Stay safe in cyberspace
Thursday 1 October 2009
This year's Anti-Bullying Week takes place
from 16 to 20 November. The focus of the week is cyberbullying
(bullying that involves the use of ICT) and our campaign slogan is
"Stay safe in cyberspace".
We know that the experience of being cyberbullied, as with any
type of bullying, can be very painful for those who are targets.
With increasing numbers of primary age children getting their first
mobile phone, and the potential to access social networking sites*,
it is vital that those closest to children and young people are
able to help and support them.
ABA, along with its 60 member organisations, is encouraging
schools, local authorities and the wider community to use the
cyberbullying theme as a way of thinking about procedures that can
be put into place to help keep children and young people safe. The
ABA briefing pack, sent out to every school in England, develops
this year's theme and includes information and resources to support
the whole school community to explore the issues and take part in
Anti-Bullying Week 2009.
Bullying is not new but some features of cyberbullying make it
different from other forms of bullying. Sadly, through the internet
and mobile phones, children can be cyberbullied 24 hours a day,
seven days a week. Malicious messages can be passed on to hundreds
of people at the click of a button and can stay online for months,
if not years.
Some instances of cyberbullying can be unintentional, such as a
message sent as a joke, or a text forwarded to unintended
recipients. ABA wants those working with children and young people
to pass on the message that being a party to cyberbullying can have
serious consequences now, as well as in the future. Younger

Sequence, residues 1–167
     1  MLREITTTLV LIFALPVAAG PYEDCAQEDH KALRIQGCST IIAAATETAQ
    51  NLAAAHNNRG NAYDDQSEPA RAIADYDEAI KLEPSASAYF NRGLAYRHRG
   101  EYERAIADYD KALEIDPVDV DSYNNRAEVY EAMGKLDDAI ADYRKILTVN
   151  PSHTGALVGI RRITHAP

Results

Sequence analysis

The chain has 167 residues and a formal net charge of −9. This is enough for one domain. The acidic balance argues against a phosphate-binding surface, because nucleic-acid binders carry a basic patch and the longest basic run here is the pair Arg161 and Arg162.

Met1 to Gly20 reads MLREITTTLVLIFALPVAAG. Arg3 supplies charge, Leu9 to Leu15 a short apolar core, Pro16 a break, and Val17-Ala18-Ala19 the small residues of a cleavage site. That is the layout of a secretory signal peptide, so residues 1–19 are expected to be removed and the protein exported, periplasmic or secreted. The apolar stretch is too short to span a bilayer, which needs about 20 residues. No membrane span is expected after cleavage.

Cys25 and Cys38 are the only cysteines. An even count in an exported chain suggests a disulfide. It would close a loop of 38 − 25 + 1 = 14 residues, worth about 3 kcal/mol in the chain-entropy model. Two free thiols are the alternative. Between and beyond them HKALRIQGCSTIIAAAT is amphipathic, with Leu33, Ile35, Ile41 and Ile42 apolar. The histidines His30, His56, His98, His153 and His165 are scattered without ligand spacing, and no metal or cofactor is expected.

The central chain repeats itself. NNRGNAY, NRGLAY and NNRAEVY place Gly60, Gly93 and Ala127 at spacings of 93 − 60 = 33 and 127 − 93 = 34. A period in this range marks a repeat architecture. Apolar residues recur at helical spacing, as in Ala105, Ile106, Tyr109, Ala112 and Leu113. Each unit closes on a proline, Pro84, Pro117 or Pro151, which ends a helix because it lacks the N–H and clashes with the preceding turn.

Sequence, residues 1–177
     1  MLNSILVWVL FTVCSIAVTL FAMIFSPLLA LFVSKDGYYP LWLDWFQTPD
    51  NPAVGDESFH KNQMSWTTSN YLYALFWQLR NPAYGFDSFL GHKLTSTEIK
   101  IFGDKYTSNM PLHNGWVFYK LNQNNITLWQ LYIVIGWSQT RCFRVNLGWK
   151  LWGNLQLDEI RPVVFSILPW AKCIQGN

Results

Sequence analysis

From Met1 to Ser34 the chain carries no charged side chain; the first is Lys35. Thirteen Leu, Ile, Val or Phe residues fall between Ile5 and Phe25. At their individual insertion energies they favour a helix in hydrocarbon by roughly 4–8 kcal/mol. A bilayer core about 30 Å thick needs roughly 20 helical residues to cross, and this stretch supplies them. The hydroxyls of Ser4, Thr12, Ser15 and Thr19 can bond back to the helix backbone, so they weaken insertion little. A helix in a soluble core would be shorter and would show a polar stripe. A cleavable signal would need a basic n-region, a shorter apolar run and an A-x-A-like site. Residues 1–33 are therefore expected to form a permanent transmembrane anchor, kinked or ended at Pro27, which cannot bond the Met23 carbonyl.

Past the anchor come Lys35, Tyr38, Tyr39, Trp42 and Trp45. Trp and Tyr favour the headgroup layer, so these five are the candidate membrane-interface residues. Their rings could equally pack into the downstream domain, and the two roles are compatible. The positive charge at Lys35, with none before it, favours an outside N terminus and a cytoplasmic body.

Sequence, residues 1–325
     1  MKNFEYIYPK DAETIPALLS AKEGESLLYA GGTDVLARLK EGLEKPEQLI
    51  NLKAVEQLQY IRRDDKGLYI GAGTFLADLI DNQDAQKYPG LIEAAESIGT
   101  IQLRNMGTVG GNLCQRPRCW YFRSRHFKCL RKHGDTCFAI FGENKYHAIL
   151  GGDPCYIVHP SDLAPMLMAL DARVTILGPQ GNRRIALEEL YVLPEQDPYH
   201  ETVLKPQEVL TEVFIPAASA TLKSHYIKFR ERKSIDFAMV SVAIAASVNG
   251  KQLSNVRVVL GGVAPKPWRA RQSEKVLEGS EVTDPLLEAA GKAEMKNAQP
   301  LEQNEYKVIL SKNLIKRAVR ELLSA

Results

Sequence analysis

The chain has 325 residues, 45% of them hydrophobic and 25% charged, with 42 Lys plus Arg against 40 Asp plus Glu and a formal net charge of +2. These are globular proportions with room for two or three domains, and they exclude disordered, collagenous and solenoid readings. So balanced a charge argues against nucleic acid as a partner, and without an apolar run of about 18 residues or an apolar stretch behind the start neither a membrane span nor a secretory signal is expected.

children may find it more difficult to recognise cyberbullying and
they may be unsure of when or who to tell.
Many schools and local authorities are doing excellent
anti-bullying work. Let's make Anti-Bullying Week 2009 a
springboard for activities across the country that will ensure all
children and young people are safe in cyberspace.
Christopher Cloke is chair of ABA. For more information,
www.anti-bullyingalliance.org.uk/ or email email@example.com
Cyberbullying facts and figures
A 2005 study by Sonia Livingstone, UK Children Go Online, found
that of those children surveyed:
• 98 per cent had used the internet
• 75 per cent of nine- to 19-year-olds had accessed the internet
from a computer at home
• 33 per cent of nine- to 19-year-old daily and weekly internet
users had received nasty comments online or by text message
• *Most social networking sites state users need to be aged 13 or
over and request parental consent
• Bullying is not a criminal offence in the UK but there are laws
on harassment or threatening behaviour that can apply, such as
threatening and menacing communications.